11  Fibers left at the crime scene can be matched by class characteristics to fibers relating to the suspect  It is more likely to be able to find a fiber (or hair) on a piece of evidence or known source that is immobile  Fibers may come from wigs, carpet, drapery, furniture, blankets, etc.  The more fibers found, the more likely that the evidence made direct contact with the source of the fibers

12  The fewer number of possible sources, the more evidentiary value they have  Databases with fibers exists to compare unknown samples to  When comparing fibers, analysts are comparing the type of fiber, the way it was woven, and its color  While billions of tons of fabric are produced, duplicating the fiber/yarn and its exact color are not too likely

13  Derived entirely from animal or plant sources  Wool – sheep (most common animal fiber)  Cashmere – goats  Fur fibers such as mink, rabbit, beaver and muskrat  Identification depends solely on color and morphological characteristics  Most common is cotton – however, the length of the fibers, the twist of the yarn, and the dye may make a cotton fiber unique  Hemp (pictured) – viewed with polarized light  The fineness or coarseness of the fiber can give the analyst information about the end-point of the fabric (ie. fine wool is use in clothing, while coarse wool is used in carpets)

14  Increasingly replacing natural fibers in garments and fabrics  Man-made fibers can originate from natural fibers but can also be synthetic  Polyester and nylon are the most common types of man- made fibers  Examples  Acrylic  Nylon  Polyester  Rayon  Spandex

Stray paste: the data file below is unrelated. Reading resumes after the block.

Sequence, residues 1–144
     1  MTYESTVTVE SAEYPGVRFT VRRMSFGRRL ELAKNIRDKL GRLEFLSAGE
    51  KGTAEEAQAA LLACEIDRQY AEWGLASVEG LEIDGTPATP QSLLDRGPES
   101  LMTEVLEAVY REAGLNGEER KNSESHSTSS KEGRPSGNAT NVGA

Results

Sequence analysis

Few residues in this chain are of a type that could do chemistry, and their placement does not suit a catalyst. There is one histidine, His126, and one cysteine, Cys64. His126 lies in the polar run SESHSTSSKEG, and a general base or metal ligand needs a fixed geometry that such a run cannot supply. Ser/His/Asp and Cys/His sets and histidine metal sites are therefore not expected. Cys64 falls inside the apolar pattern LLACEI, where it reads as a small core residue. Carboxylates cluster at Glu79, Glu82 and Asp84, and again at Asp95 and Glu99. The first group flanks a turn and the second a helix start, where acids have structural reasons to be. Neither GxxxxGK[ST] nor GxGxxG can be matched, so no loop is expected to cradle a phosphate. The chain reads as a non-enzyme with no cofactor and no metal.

15  The shape of the cross- section of synthetic fibers may be unique to a particular manufacturer and only produced for a finite amount of time  Unusual cross-section can add to the uniqueness of the fiber and therefore add to its evidentiary value Cross-sectional views of nylon carpet fibers as seen with a scanning electron microscope (SEM)

16  Fabrics undergo several dying processes to get the desired color  Fibers may be dyed, and then yarns dyed, and fabrics dyed  Sometimes color is applied to the outside of the fiber like a “painted” style  How the color is applied, absorbed, and the particular color are all used as evidence  Any fading or discoloration can have increased evidentiary value

17  Hair and fiber evidence can be collected at a crime scene using tweezers, tape, or a vacuum  Where the evidence is found can add to its value

18  The fiber should first be analyzed using a microscope for type of fiber, length, color, diameter, cross-section, damage, crimp (using stereomicroscope)  Microscopes useful: stereomicroscope, comparison microscope, and compound light microscope (with polarized light capability)  A side-by-side comparison of the fiber to a known fiber (if and when it become available) should be done (using a comparison microscope)  Chromatography can be used to analyze the components of the color of the fiber (destructive!)  Pyrolysis gas chromatography can be used to determine the type of an unknown fiber (destructive!)  Infrared Spectroscopy (IR) can be used to determine the type of fiber (synthetic – organic only) ** finding no fibers does not mean that no contact occured